This experiment is often cited as demonstrating that angular momentum is quantised. In fact it does nothing of the sort, and indeed it clearly demonstrates that it is not, at least not in the way that physicists would have you believe.
The Stern Gerlach experiment was first carried out by German physicists Otto Stern(1888-1969) and Walther Gerlach(1889-1979) in 1922. It involved firing silver atoms through an inhomogeneous magnetic field at a target. The atoms are electrically neutral (not ionized) which avoids large deflections due to the orbit of charged particles moving through a magnetic field and allows spin effects to dominate.
The spinning electron can be regarded as a dipole and the non-uniform nature of the magnetic field means that the forces acting on one end of this dipole differ slightly from the forces acting on the other end. As a result the atoms are deflected by an amount which varies according to the angular momentum associated with the spinning electron. If the spin of the electron was to be a continuous variable then the extent of the deflection would vary continuously, but it does not. The electrons are seen to cluster into one of two regions, indicating that the spin on the electron is not continuous. Physicists argue that this is because angular momentum is quantised and can only take on certain discrete values and that these two regions of deflection correspond in some way to that quantisation.
Indeed it does show that the spin on the electron can only take on one of two discrete values, but this does not mean that angular momentum is quantised, far from it. What it does indicated is that the spin on the electron is always at some maximum value, but that it can take on one of two types, we can think of these as being clockwise or anticlockwise with respect to some datum within the atom. It means that the electron is never not spinning, it must always spin, but when it does so, it is always at some maximum value in one of only two possible orientations. The electron has very little mass and correspondingly low moment of inertia and so it comes as no surprise that almost any stimulus could cause it to spin. The fact that there is a limit to the rate of spin should also come as no surprise; if we think of the electron as a solid sphere, the limit to its spin must occur when the equatorial speed equals that of light.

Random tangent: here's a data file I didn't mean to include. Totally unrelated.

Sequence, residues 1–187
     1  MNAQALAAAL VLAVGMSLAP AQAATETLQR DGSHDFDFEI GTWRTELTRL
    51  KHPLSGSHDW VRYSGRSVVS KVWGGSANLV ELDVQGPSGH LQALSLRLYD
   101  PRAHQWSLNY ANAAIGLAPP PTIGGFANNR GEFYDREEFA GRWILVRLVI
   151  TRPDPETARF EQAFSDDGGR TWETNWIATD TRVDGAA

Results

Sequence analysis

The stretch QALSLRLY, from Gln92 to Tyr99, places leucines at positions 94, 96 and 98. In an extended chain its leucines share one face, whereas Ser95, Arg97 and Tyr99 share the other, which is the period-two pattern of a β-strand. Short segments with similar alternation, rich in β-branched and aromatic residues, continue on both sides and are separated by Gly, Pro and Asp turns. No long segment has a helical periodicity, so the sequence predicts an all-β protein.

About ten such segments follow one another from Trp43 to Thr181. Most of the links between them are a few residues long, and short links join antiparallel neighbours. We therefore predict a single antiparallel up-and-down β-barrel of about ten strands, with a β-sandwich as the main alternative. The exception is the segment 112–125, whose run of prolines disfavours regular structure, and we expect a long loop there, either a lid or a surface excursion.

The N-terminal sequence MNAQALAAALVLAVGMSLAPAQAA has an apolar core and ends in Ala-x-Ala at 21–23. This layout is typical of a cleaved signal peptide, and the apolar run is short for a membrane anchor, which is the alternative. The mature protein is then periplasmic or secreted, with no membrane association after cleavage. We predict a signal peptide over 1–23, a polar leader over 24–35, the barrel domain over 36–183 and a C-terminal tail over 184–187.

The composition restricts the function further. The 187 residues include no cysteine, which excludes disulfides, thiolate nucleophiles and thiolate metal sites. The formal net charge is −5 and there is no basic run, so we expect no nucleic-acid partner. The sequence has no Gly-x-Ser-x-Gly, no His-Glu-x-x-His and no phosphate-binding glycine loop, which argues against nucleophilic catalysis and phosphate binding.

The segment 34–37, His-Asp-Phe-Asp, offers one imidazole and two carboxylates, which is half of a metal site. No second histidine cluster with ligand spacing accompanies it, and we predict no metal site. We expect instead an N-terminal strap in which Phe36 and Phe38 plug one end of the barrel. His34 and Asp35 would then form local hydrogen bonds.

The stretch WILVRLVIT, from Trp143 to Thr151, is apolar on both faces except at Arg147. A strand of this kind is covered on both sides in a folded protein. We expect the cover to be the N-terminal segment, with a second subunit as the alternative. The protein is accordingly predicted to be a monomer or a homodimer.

So why does this not indicate that angular momentum is quantised everywhere?
The answer is simple and has to do with the size of the quantum of angular momentum postulated by physicists in the so called Standard Model. The Standard model holds that angular momentum is quantised and that the size of a quantum of angular momentum is equal to Planck’s constant. The trouble is that the Stern Gerlach experiment shows that the angular momentum of the spinning electron is some 106 times smaller than this. If angular momentum were quantised in units of Planck’s constant then the spin on the electron could only take on values which are equal to an integer multiple of Planck’s constant, the smallest such being unity. The fact that the spin on the electron is 10-6 times this blows this idea out of the water. If on the other hand the fundamental unit of angular momentum is associated with that of the spin on the electron, it makes a nonsense of the idea that angular momentum can only take on values which are an integer multiple of Planck’s constant necessary for the Bohr model and its descendants. On the scale of the atom angular momentum would, to all intents and purposes be continuously variable.